Emergency hospital admissions - the revolving door

The headlines tell us it's a scandal. A new study from Healthwatch England says patients are being put at risk because they're discharged without the necessary checks being undertaken to ensure that everything they need is in place...

The headlines tell us it's a scandal. A new study from Healthwatch England says patients are being put at risk because they're discharged without the necessary checks being undertaken to ensure that everything they need is in place.

They collected data from individual patient cases, surveys from patients and Freedom of Information requests - and the results do not make comfortable reading. In all, 120 trusts responded to Freedom of Information requests, and of these, half weren't recording details on the patients' home circumstances before discharge and one in three weren't recording whether the GP had been informed about changes to medications.

Of course, failing to record whether something is done isn't the same as not doing it - in fact, in the 25 years I've been in practice I have seen a revolution in communications between hospitals and the patient's GP. These days, I'll usually get details of my patients' discharge (including lists of all medication changes and planned follow-up) within a day of them arriving home. In fact, I'm more likely to get two copies of their discharge summary than none.

What's more, while the area where I work has more than its share of problems, my patients' care has been hugely improved by innovations which keep patients where they want to be (at home) with high-quality care. In my area, we have a 'virtual ward' with a separate staff of doctors and nurses who can provide intensive follow-up in the patient's home. They can take blood, give medication and monitor patients almost as frequently as they would be seen in hospital - at a greatly reduced cost compared to an inpatient admission.

But I do see examples of hospital doctors bowing to ever-growing pressure to free up hospital beds, and that can be a very expensive false economy. We don't need to go back to the days where patients stayed in hospital for 10 days after having their appendix out (the vast majority of patients discharged these days one day after an appendicectomy don't come to any harm). But we do need to be more thoughtful about the knock-on effect of a headlong rush to free up precious bed space.

The fact is, 54% of the cost of the NHS comes from inpatient admissions. The average A&E attendance costs £114; the average 'non-elective' (unplanned) hospital admission costs £1,489, with every day over the average costing £273 - and elderly patients who catapult back into hospital take a lot longer than average to get better.

Older patients, and those with mental illness, are at particularly high risk - 80% of emergency admissions which result in a hospital stay of over two weeks are in the over-65s . The average length of an emergency hospital admission dropped by 20% between 2004 and 2009 - but in the last decade, emergency readmissions among the over-75s have increased by 88%. It's not likely that these two figures are unconnected.

One of the examples in the report was an 81-year-old patient discharged in a cab at 10.30 at night following a stroke - he was back in hospital within days. It's dreadful for the patient and expensive for the NHS, whilst also having a knock-on effect on a GP service already stretched to breaking point. These days, elderly patients are almost always discharged with several outstanding medical issues that haven't been dealt with while they're in hospital. In a hospital, it's easy to get repeated blood tests or daily chest assessment - in general practice it's a logistical nightmare. And often super-specialised hospital teams only look at their little bit of the patient, sending reams of investigations for the GP to follow up on because it isn't that hospital team's 'job'.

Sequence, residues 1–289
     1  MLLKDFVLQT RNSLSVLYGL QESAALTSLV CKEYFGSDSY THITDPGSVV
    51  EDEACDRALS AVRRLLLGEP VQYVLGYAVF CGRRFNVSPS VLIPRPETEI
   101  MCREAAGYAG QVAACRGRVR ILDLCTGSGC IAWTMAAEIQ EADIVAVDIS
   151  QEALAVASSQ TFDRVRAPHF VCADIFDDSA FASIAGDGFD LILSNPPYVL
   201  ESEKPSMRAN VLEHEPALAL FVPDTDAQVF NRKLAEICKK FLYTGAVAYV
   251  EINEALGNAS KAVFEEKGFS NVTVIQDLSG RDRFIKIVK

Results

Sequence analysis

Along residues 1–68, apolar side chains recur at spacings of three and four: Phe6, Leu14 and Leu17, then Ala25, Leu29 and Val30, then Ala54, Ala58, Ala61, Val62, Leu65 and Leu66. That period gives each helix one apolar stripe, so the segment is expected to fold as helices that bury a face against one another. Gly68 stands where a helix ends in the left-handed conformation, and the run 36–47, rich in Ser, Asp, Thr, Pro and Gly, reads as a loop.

There are two major issues that need to be addressed. Firstly, we need to make sure that all patients have a full assessment of their home situation before they're discharged. Secondly, once that situation has been assessed, we need to make sure that the services they need are in place before they go. Often it's as much about social as medical services. Time after time I have seen patients not needing hospital admission even though they have multiple medical problems, because we can offer a combination of nursing, doctor and social services to make sure all their needs are catered for. But I've also seen many patients admitted for hospital not because they have an acute medical emergency but because they just can't cope.

If patients have district nurse visits, home help for shopping, meals at home (meals on wheels) for food and carers for bathing or dressing ready to swing into action as soon as they arrive home, this distressing and expensive 'revolving door' situation can often be avoided. Let's not pretend that there's a limitless pot of money for the NHS - there isn't. But making it a requirement for all hospitals to set a plan in place before discharge could save a fortune in readmissions. We've done it with assessment for clots on the leg and the lung - every discharge summary now carries a note about whether the patient was at high risk of deep vein thrombosis (DVT). 'Prevention is better than emergency readmission' may not be as catchy as 'prevention is better than cure' - but it's every bit as true.

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